I suggest, imply or state no such thing. For the empty-umpth time, observing that something may be a factor in an event does not constitute either blame or excuse.
Fact is that all the bullshit surrounding centralisers, long string versus liner etc...are diversions from the truth.
I never suggested they were factors. I stated that, in my opinion as an experienced practitioner and teacher of project management, the manner in which the centralizer decision was made indicated disorganized and tentative decision-making. I stand by my statement.
The people controlling the well made the decision to continue, and they did this knowing sweet FA about what they were doing. This sums up the culture, put your hand in the fire when told to do so....without any understanding of the consequences.
I would appreciate pointers to evidence of this culture and how widespread it may. I know how to use Google, so just a few keywords will do.
My statement was that the shoreside management did not help and probably made life more complicated for the crew.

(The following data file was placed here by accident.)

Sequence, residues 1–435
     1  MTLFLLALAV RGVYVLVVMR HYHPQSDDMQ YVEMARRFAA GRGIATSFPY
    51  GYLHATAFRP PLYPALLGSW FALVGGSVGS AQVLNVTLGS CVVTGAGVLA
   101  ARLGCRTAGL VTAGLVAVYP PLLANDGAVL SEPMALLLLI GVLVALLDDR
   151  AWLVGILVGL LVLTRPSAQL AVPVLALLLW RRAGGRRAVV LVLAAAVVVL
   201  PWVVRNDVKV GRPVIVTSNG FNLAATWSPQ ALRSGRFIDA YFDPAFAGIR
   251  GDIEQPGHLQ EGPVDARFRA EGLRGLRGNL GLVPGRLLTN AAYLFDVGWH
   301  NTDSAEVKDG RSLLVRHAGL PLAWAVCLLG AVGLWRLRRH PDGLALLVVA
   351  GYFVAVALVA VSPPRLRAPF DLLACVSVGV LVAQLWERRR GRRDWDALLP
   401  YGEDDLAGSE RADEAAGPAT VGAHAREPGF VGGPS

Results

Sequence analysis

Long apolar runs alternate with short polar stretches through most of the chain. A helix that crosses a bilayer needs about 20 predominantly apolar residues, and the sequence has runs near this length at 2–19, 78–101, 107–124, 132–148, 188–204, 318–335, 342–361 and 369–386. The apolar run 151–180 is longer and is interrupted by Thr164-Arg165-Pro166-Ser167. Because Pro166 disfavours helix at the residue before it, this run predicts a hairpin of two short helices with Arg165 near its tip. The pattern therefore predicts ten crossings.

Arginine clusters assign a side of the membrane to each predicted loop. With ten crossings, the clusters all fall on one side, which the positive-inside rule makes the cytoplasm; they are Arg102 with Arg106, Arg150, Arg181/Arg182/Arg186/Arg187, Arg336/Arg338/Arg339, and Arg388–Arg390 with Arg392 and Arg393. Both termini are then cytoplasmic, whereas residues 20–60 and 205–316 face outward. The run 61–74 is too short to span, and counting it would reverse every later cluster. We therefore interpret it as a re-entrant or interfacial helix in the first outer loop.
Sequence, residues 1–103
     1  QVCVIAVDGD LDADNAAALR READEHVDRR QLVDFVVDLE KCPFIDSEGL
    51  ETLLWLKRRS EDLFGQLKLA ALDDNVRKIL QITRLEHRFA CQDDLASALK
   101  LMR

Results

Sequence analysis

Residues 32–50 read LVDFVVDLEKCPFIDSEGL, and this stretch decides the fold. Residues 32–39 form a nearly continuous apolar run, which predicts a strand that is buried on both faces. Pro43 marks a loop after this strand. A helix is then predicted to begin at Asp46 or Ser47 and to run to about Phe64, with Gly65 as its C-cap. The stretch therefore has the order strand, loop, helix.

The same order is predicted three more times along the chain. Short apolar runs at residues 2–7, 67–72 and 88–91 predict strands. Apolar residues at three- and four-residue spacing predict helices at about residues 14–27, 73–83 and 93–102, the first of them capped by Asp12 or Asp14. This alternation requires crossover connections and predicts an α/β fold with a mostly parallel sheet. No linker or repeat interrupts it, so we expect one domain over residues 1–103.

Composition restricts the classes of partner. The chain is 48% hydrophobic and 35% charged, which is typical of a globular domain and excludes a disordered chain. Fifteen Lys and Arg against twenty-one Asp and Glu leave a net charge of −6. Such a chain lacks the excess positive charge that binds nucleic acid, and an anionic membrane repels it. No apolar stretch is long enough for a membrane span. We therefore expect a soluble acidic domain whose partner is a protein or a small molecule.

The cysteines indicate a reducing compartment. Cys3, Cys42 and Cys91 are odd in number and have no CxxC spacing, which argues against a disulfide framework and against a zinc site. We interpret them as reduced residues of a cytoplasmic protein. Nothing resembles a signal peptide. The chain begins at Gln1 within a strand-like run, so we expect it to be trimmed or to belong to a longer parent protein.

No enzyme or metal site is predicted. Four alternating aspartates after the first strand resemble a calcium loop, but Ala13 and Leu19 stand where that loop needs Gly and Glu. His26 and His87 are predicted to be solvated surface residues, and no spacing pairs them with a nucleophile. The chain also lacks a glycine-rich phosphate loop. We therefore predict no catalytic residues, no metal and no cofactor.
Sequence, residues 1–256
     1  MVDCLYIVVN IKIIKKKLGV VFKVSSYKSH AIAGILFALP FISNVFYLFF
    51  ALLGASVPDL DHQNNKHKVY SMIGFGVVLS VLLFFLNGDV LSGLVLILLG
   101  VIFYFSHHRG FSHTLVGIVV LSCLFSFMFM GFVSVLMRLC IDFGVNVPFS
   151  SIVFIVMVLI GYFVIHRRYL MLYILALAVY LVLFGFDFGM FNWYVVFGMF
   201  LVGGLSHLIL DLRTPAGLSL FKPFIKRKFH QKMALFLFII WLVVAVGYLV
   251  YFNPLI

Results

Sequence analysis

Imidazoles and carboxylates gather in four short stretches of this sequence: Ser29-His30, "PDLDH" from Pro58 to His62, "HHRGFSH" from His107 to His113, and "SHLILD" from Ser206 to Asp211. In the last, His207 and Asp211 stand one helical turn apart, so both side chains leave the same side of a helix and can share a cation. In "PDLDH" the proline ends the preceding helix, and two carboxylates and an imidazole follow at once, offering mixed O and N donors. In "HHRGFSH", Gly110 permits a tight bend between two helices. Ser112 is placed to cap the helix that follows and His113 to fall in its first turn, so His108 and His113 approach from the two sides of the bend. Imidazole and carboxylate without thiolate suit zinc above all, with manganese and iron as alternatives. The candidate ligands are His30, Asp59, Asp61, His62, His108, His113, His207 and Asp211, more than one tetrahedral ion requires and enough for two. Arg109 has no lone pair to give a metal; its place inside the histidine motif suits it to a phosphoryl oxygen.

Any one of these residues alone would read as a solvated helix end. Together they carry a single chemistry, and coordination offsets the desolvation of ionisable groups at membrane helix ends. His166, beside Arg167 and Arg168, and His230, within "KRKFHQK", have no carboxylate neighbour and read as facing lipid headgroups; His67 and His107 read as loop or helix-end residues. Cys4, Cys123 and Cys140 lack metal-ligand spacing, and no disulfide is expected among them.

The crew have escaped any criticism, and by crew I mean the guys sitting in the doghouse, the logger and the mud engineer. Any way you look at this, incompetence prevailed, and yet, no-one speaks of it.
Well, if you feel so strongly about that, get off your duff and do something. The whole Internet is at your disposal. Submit an edit to the Wikipedia page (anybody can), put up a Facebook page, write a blog and publicize it in comments here and elsewhere. Volunteer to be an expert witness for BP. Write an op-ed for the New York Times. Just be sure to explain how an obsession with blame advances the cause of safety.
Whatever shoreside did or didn't do is irrelevant.
Only if you subscribe to the simplistic and dead-end view that this was a single-factor event. If you take a wider and more nuanced view then the confusion about the temporary abandonment plan and the poor supervision of the Halliburton marketing guy are clearly factors. Not indictments, not excuses, not the whole story. Just things that need to be kept in mind when attempting to understand all that was involved the event.